Do not go …
My trail began on the 14th of December 1961, born the second child to two damn fine human beings: Sylvia Pamela Brown and Bernard James Ahern. Wandering down many paths throughout the years, it was the discovery of an old journal recently that took me back to a path I inadvertently took in early February of 1994. A short cut led to a detour, which was to lead me to a German Shepherd dog and a change in the course of both of our lives. Out of the corner of my eye I spied what I thought was a dead dog by the side of the road. I thought that our shared moment together would be but that moment of sadness I felt for his passing. But then I thought he moved. “Did he move?” “No, he didn’t.” “Hang on, I think he did”. Teetering between arriving at work on time (as my “short cut” had already proved anything but) and the plight of the hapless injured animal, it was the hapless injured animal who easily won out.
What transpired next was a new path to navigate for both me and the gentle German Shepherd, as Schofield was to become to the Central Highlands Animal Shelter what Edgar Alan Pig was to Edgar’s Mission. Whilst tugging at the piece of fencing wire that crudely connected the emaciated dog via his neck to a fence post, his pitiful form and putrid wounds tugged at my heart strings like no other. His dew claws, or what was left of them from pawing at the wire in an attempt to free himself, were a mix of dried blood and pus and a great host for infection which had achieved its debilitating aim. The ashes of this once majestic animal drove me to ask, “What happens to animals such as he?”. The answer was the impetus for creating the aforementioned charity.
Schofield was to become my most constant and loyal of companions and nurtured my great love of his breed. I found him to be curious, obedient, loveable, ever alert and vigilant, courageous and brave (I swear he would have laid down his life for me if ever the need arose, and yes, I truly believe I would have done the same for him), intelligent—all traits so typical of these majestic dogs. But sadly, as the years rolled on, so too did his hip dysplasia, a chronic and debilitating condition all too common for German Shepherds—a sad reminder of how we humans have allowed our desire for looks to override our responsibility for “those we have tamed”. His coming into my world at just that time not only saved his life but the lives of countless other lost, abandoned and neglected cats and dogs who went on to find sanctuary through the Central Highlands Animal Shelter. Additionally, it inspired me to be brave and courageous and do things I never thought I could. I recall the day the shelter had to close, through no fault of my own, as one of the worst days of my life. Yet it seemed that the passage of time had seen the expansion of existing animal rescues who were able to fill the void I was to leave. Not long thereafter a certain dashing, debonair, witty, wise, charismatic pig was to trot into my world and lead me down another path I would never have trod had I still been at the helm of the animal shelter.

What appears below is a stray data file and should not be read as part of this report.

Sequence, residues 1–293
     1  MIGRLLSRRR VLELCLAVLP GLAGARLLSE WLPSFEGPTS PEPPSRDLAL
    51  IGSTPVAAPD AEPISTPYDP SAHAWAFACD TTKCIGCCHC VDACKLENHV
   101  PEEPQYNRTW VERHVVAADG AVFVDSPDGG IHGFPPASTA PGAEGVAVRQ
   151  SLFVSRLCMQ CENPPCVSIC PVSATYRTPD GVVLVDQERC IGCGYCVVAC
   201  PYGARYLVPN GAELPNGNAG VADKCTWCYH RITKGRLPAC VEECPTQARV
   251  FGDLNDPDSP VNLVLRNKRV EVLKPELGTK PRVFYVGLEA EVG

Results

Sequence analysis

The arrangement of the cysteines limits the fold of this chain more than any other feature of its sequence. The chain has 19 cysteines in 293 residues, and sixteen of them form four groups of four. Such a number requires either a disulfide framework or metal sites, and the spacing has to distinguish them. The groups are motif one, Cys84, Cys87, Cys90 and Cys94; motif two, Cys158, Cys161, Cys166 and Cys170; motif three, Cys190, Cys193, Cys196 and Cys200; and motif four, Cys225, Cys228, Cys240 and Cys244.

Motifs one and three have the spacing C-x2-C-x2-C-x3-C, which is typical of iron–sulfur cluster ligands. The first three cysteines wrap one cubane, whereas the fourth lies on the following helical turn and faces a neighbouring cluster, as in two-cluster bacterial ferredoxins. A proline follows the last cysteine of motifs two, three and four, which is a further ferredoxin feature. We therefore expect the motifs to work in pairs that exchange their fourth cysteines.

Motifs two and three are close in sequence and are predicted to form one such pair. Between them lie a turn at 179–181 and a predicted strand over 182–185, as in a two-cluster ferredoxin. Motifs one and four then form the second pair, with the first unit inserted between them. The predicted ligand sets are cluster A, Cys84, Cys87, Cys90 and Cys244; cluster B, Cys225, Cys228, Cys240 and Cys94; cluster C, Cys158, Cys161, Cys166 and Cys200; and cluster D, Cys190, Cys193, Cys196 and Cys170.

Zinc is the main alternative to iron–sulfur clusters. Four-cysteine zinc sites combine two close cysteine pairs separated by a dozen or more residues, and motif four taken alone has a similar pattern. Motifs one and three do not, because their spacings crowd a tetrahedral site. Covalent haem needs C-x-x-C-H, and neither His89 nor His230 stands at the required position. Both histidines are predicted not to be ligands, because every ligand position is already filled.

Closing the journal, I cannot help but smile as the vision of a perfect pig and a handsome German Shepherd steal my thoughts. Do not go where the path may lead; go instead where there is no path and leave a trail … of kindness.